No critical analysis has ever examined the specific reasons for the Ottoman defeat. Erickson’s study fills this gap by studying the operations of the Ottoman Army from October 1912 through July 1913, and by providing a comprehensive explanation of its doctrines and planning procedures. This book is written at an operational level that details every campaign at the level of the army corps. More than 30 maps, numerous orders of battle, and actual Ottoman Army operations orders illustrate how the Turks planned and fought their battles. Of particular note is the inclusion of the only detailed history in English of the Ottoman X Corps’ Sarkoy amphibious invasion. Also included are definitive appendix about Ottoman military aviation and a summary of the Turks’ efforts to incorporate the lessons learned from the war into their military structure in 1914.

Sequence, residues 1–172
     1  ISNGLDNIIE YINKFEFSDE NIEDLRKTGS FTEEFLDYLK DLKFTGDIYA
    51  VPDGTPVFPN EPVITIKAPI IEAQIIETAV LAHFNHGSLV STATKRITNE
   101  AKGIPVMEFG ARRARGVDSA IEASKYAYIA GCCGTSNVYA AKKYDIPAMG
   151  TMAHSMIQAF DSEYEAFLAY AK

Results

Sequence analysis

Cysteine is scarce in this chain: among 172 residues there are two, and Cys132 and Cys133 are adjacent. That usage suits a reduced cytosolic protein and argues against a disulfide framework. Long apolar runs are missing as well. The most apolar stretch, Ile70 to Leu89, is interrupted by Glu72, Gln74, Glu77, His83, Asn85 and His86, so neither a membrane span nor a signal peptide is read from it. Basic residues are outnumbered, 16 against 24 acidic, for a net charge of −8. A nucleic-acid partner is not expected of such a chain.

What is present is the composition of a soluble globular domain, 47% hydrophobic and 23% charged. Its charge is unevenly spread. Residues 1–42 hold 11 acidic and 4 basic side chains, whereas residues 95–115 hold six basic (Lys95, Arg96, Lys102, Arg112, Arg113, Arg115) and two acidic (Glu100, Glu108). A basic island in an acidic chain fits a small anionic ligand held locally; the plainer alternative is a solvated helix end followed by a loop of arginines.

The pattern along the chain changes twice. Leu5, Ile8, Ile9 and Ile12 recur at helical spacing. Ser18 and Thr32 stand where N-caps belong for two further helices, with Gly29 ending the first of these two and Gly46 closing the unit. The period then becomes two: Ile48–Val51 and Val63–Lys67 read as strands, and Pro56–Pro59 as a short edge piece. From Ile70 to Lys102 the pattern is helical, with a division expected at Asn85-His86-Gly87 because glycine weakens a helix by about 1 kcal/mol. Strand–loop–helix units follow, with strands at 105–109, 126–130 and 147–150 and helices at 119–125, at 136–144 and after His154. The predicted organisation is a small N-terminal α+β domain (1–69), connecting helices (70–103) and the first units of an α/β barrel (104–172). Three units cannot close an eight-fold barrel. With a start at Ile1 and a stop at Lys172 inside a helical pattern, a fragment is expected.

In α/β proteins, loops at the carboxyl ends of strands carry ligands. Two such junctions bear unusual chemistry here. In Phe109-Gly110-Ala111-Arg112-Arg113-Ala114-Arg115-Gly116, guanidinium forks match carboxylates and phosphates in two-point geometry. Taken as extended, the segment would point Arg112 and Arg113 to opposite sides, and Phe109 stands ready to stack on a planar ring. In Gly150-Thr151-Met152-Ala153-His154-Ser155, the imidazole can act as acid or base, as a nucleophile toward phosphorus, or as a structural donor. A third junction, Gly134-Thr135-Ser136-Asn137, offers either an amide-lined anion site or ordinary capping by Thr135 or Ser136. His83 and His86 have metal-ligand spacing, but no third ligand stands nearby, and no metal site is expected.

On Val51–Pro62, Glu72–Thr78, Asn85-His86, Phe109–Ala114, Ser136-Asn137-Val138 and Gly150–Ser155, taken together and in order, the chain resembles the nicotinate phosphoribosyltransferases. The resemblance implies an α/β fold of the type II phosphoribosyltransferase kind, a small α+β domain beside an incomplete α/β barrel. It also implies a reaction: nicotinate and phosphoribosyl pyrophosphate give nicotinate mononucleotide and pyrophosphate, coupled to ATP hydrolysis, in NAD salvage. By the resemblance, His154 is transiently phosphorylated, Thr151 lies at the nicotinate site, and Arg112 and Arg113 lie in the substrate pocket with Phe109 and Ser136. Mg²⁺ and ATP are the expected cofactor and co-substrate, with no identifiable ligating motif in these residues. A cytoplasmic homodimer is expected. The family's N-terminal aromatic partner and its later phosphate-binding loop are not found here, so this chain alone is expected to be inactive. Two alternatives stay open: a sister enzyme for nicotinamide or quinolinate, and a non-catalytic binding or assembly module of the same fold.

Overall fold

The Ottoman Empire fought the Balkan Wars of 1912-1913 against the joint forces of Bulgaria, Greece, Montenegro, and Serbia—and was decisively defeated. The Ottoman Army is frequently depicted as a mob of poorly clad, faceless Turks inept in their attempts to fight a modern war. Yet by 1912, the Ottoman Army, which was constructed on the German model, was in many ways more advanced than certain European armies.